Within the next two years, the Cayman Islands will introduce far stricter privacy protection rules affecting every business that processes customers’ or clients’ personal information.
The Data Protection Law was approved in a heavily amended form during the waning hours of the last Legislative Assembly meeting held before the May 24 general election. Acting Information Commissioner Jan Liebaers, who is responsible for both the training program leading up to the law’s implementation and the enforcement of the law once it takes effect, said all of the specifics of the data protection regulations have not been worked out yet.
However, Mr. Liebaers said during an interview with the Cayman Compass Tuesday that local businesses should be taking steps now to prepare themselves for the law’s implementation.
The legislation and accompanying regulations have major implications for local businesses and international firms in Cayman. It is seen as a boon to the financial services industry here, which is keen to access European markets – most of which have been operating under data protection laws since the mid-1990s.
“No country wants to export information to another country if it … doesn’t know what the rules are [for data processing] in that country,” Mr. Liebaers said.
He said many larger financial services firms, law firms, accountancy firms and banks are very familiar with data protection requirements, but a number of other local companies likely are not. He said he hopes the legal changes will be viewed as generally positive by the Cayman business community.
“We’re at a point where … either individuals, by means of good laws and regulations, are going to retain some control over their personal information, or that control is going to be entirely lost and be entirely in the hands of private business and big government,” he said.
The Data Protection Law applies to both public and private sectors in the Cayman Islands, as well as to entities outside the islands that have certain data processing functions here.
The government has been trying to pass the legislation in one form or another since 2009.
Mr. Liebaers said several key changes to the law were made from previous versions of the bill, most notably the exclusion of a requirement for government to maintain a register of all “data controllers” – those workers or business entities whose job it is to handle personal information.
“It has an impact on so many different levels and contexts … an impact on education, health, finance, tourism, churches, strata, sports organizations … any of those are very likely to be ‘data controllers’ under the Data Protection Law,” he said.
Those data controllers are given the responsibility of using an individual’s records “fairly,” processing that information only for the legal purpose for which it was provided. For instance, a bank teller giving out details of a person’s accounts to a third party, or accounts receivables clerk leaving records of personal information out in a space where they can be viewed by other individuals, could land their employer – the “data controller” – in trouble under the new law.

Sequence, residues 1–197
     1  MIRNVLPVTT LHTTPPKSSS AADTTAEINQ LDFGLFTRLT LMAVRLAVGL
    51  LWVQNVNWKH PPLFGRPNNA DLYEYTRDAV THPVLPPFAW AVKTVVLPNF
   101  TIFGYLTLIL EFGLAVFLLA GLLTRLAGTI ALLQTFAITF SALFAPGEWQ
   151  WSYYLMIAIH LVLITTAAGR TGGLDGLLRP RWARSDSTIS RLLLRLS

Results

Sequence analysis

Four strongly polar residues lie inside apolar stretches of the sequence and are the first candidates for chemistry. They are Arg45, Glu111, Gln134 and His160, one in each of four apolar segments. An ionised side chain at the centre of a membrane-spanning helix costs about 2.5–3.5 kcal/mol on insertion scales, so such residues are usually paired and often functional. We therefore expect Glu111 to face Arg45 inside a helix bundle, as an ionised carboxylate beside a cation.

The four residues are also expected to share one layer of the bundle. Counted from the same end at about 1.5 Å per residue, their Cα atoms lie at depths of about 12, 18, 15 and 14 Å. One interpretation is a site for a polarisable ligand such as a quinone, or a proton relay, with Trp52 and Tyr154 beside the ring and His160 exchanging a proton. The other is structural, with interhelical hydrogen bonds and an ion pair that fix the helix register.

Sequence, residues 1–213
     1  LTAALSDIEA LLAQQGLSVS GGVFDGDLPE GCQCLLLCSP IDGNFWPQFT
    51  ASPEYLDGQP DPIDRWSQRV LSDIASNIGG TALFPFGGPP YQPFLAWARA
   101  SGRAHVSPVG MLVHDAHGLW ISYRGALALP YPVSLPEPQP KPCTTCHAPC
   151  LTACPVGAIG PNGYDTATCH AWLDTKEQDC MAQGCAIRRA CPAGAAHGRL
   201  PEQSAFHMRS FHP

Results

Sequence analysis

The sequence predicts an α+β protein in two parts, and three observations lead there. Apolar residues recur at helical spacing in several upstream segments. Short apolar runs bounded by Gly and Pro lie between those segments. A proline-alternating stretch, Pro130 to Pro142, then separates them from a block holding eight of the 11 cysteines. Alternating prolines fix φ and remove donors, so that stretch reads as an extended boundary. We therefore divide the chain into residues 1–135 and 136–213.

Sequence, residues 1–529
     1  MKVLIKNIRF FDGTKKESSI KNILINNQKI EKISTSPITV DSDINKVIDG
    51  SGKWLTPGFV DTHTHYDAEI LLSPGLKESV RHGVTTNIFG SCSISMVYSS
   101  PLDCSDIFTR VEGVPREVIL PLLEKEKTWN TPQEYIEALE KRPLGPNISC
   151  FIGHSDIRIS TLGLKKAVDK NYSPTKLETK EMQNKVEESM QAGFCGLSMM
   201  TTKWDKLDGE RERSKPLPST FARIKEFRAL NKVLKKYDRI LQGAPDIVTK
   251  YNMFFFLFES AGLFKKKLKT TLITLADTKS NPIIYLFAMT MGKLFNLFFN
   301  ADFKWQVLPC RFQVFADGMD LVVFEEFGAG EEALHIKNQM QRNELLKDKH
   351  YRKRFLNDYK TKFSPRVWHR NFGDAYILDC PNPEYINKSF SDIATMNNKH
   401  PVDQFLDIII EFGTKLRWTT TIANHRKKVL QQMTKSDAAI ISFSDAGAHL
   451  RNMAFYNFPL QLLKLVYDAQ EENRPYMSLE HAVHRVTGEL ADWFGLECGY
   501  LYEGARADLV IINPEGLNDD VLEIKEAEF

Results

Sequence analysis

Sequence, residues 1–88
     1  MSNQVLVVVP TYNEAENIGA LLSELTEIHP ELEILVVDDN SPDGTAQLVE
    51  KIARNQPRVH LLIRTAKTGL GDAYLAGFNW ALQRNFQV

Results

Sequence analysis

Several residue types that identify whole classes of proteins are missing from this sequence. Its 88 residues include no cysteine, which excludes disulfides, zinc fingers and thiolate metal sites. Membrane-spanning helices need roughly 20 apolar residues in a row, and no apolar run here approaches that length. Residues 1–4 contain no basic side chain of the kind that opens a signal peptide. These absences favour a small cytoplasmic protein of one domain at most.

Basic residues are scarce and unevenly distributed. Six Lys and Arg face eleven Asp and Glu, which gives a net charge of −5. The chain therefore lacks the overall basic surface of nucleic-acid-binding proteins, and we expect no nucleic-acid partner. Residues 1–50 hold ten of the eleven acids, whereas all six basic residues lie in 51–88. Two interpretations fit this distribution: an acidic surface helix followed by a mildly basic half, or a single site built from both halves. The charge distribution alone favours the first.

Cybersecurity is absolutely vital when conducting business online, and becomes even more critical with initiatives such as e-government that Cayman is now moving toward, Mr. Liebaers said. He said a number of entities would probably have to look at basic encryption methods for data kept on computers and flash drives.
“Those are just common sense things that I hope most businesses already apply, but now there is a legal standard for businesses to comply with,” he said. “It needs to be done up front; you can’t wait until the law is in force. That may look like a very daunting task, but we do hope to assist and have some tools available to help make that as easy as possible.”
The law sets punitive measures for those who mishandle data, but protections have also been inserted for companies or public entities to allow them to make representations in their own defense to the information commissioner/data protection commissioner. Violations of the data protection requirements can draw up to $250,000 in fines, according to the law.
Driving the data protection project has been a behind-the-scenes push by the territory’s financial services sector to obtain “adequacy status” – as determined by the European Commission – for personal records.
In the EU, businesses or government are allowed to export personal data only to a country that provides adequate protection of that data. Without obtaining adequacy status, multinational companies that want to do business with European entities – which in financial services terms, generally involves customers’ sensitive financial and personal details – must either create legally binding corporate rules or potentially be shut out.
The issue has obvious ramifications for the future of the financial services industry here, which has been seeking inroads to European markets for a number of years. Once data protection is implemented, a group of EU regulators known as the “Article 29 working group” would have to come to Cayman and review its data protection processes, write a report to the European Commission and essentially state whether the territory has adequate privacy protections.
The adequacy status requirement has been the subject of some legal battles between the U.S. and Europe in recent years, and many countries outside the EU do not maintain that status, including the U.S., China and India.
All three British Crown dependencies, Guernsey, Jersey and the Isle of Man, have achieved EU adequacy status with regard to privacy protection. None of the British overseas territories has enacted similar legislation, although both Cayman and Bermuda are expected to implement their own versions of the legislation before the decade ends.